“Top Songwriter” Visits Philly


Michelle Citrin, named a “Top Songwriter” by Billboard and a producer of million-hit YouTube videos, has been channeling her love of Judaism since she was a 14-year-old performing in bookstores and coffeehouses.

Michelle Citrin knew she wasn’t going to make it to medical school by her junior year in college — but not for the usual reasons. “I was writing songs in anatomy class, but it wasn’t something like, ‘the hip bone’s connected to the leg bone’ — it was real songs,” the singer/songwriter says with a laugh.

Citrin graduated as a proud member of the Rutgers University class of 2003, but her professional path had been more or less determined almost two decades earlier when, as a toddler, she began following along to her grandmother’s piano renditions of Chag Purim.

“That’s when music became alive and something accessible to me — especially Jewish music,” she recalls. “I grew up in an Israeli household, with Holocaust survivor grandparents. The melodies they had, they carried with them from their former lives. It was a life filled with lots of culture and emotion.”

Citrin, who will be at Congregation Rodeph Shalom to lead a Shabbat service on Dec. 14 and give a concert on Dec. 16, has been channeling her love of Judaism through music since she was a 14-year-old performing in Borders bookstores and small coffeehouses in and around her Fair Lawn, N.J., hometown. While her live performances are always an experience — few people expect Citrin’s trademark big, throaty vocals to emanate from her 5-foot, 1-inch frame (the tagline on her email is “lil grrl, big sound”) — Citrin is best known for being in the vanguard of Jewish music videos.

Her videos, including hits like “20 Things to Do With Matzah,” “I Gotta Love You Rosh Ha­shanah” and “Call Your Zeyde — Vote Obama” have been viewed on YouTube millions of times, with Citrin even being ranked on the site’s “Top 20 Most Viewed” in 2008.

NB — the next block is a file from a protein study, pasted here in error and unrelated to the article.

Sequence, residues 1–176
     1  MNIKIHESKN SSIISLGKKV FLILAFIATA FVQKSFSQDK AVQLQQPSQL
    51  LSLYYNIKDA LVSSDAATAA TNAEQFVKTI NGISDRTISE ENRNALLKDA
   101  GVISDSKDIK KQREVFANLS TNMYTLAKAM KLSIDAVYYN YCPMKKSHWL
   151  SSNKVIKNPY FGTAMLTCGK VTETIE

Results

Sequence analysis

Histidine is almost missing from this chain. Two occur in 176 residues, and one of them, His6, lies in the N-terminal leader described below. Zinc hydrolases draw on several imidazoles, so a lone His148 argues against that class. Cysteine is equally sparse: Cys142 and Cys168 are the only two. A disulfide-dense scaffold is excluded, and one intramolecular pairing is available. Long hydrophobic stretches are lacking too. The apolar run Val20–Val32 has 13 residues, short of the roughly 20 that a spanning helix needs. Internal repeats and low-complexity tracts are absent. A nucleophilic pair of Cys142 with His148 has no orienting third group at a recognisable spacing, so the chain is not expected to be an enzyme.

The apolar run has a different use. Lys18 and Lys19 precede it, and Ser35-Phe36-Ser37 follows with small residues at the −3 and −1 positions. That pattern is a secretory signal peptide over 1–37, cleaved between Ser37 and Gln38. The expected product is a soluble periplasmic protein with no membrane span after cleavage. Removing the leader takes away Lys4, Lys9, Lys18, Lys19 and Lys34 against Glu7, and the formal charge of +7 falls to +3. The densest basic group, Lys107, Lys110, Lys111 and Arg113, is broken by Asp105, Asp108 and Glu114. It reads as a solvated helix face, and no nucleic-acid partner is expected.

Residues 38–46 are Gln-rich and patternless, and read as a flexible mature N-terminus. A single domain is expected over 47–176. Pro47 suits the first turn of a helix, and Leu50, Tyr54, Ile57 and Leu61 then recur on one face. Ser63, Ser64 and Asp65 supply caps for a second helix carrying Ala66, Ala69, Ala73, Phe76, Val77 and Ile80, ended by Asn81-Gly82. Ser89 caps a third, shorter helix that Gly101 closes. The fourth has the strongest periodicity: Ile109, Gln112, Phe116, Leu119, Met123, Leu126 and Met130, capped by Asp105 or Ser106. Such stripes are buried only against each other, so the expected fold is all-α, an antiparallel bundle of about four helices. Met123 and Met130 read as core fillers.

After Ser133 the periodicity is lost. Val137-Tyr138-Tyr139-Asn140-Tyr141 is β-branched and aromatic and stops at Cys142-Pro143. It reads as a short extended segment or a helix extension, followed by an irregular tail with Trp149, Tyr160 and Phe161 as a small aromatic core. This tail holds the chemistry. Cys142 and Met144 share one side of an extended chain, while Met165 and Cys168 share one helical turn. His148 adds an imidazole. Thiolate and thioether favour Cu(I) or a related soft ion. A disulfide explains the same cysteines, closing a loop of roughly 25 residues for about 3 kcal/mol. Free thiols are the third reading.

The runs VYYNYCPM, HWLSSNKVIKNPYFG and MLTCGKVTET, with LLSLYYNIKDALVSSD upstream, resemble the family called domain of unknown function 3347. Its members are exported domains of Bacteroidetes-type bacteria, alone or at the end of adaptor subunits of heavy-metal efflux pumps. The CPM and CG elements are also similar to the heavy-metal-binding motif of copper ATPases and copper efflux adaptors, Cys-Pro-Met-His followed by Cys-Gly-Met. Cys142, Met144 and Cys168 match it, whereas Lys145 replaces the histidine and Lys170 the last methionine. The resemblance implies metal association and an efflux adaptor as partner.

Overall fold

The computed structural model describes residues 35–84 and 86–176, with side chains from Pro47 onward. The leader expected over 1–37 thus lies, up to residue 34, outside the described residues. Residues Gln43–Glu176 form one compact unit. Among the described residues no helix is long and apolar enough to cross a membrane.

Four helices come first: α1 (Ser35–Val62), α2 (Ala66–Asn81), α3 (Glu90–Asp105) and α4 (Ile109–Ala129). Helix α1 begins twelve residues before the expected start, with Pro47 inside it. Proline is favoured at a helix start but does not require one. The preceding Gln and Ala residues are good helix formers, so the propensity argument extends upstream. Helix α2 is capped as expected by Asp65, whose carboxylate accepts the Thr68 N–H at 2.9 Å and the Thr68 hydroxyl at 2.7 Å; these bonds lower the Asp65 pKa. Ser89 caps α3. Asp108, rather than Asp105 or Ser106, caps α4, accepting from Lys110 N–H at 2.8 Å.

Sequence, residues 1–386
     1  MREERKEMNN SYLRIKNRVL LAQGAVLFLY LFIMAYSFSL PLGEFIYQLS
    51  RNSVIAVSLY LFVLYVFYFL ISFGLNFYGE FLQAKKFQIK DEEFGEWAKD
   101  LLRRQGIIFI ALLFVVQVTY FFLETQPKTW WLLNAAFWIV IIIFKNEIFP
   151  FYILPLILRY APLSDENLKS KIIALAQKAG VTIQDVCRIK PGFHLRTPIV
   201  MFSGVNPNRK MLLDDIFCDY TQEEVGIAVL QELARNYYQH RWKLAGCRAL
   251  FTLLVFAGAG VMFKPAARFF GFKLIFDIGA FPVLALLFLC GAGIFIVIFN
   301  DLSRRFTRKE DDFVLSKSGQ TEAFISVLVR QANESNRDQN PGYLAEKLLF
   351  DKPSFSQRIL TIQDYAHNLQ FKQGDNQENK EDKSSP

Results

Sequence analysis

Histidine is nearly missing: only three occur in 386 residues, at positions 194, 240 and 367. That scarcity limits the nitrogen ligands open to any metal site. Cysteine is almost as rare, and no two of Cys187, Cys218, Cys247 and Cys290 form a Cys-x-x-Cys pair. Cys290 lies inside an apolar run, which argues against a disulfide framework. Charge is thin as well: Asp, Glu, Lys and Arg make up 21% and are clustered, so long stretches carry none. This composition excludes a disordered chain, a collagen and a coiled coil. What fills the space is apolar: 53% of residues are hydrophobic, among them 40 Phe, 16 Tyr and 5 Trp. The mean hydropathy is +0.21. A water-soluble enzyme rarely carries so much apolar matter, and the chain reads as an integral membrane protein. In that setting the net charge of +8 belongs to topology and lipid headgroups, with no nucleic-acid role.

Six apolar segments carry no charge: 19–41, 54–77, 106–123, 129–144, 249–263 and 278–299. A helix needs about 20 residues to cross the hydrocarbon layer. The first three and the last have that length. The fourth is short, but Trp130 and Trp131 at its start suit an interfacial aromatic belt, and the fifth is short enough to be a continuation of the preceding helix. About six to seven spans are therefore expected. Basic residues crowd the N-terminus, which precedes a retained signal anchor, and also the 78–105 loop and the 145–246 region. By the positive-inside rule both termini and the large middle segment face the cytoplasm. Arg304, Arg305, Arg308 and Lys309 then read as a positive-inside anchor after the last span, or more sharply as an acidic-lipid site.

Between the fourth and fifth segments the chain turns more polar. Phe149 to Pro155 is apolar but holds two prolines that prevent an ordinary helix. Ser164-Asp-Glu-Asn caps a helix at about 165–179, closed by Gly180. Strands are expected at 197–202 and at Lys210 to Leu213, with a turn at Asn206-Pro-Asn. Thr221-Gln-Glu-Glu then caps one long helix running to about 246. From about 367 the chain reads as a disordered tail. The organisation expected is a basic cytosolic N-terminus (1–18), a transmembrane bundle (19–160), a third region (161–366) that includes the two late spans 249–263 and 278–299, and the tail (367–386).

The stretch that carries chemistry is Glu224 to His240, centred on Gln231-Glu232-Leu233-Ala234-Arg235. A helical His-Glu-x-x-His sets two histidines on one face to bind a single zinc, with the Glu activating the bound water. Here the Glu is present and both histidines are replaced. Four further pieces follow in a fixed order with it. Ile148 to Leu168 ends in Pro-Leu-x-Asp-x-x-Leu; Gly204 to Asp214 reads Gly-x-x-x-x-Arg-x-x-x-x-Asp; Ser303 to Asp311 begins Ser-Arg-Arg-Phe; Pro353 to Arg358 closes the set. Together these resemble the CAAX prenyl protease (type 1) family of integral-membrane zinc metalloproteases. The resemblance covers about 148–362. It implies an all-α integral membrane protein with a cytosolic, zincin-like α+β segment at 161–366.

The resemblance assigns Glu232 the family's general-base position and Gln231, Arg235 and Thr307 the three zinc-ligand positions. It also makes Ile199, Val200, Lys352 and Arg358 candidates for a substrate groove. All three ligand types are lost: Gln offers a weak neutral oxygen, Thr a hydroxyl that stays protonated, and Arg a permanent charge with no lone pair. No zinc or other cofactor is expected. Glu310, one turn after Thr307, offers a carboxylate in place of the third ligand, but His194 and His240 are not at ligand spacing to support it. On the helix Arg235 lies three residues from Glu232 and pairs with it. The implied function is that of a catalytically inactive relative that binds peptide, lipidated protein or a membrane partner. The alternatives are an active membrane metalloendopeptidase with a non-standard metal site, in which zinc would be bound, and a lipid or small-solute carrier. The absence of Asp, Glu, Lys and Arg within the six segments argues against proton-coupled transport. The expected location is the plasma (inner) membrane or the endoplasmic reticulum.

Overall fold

Judging by the initial response to her latest offering, “Ha­nukkah Lovin’,” she has another hit on her hands. The video has been viewed over 30,000 times in under a week — confirmation that Citrin’s reason for making the song was a sound one.

“I love Christmas music,” she says. “I remember having to listen to it in order to get into the holiday mood, and I remember thinking, that’s really wrong — it just doesn’t speak to me. So here’s this song for Chanu­kah. It happens at the same time as Christmas, with the same wintry feeling outside — but we just ­didn’t have the warm and jazzy, ‘let’s sit by the flickering lights of the menorah’ tune.” The song, which has a style very much like holiday standards such as “Have Yourself a Merry Little Christmas” and “Santa Baby,” is a welcome alternative to the only other Chanukah-themed song to receive major radio play, Adam Sandler’s “The Chanukah Song.”

Citrin continues, “I was always making music, making up songs with my family on the holidays. I think I’ve always dreamed of there being this soundtrack to our Jewish lives.”

With so many holiday-themed songs, she has become a younger version of Craig Taubman, the Los Angeles-based singer/songwriter and music producer responsible for over two dozen of the most popular Jewish music recordings available, including The Passover Lounge, Celebrate Hanukkah, Sweet Sounds and the Days of Awe and Friday Night Live (a compilation of Taubman’s national Shabbat program of the same name).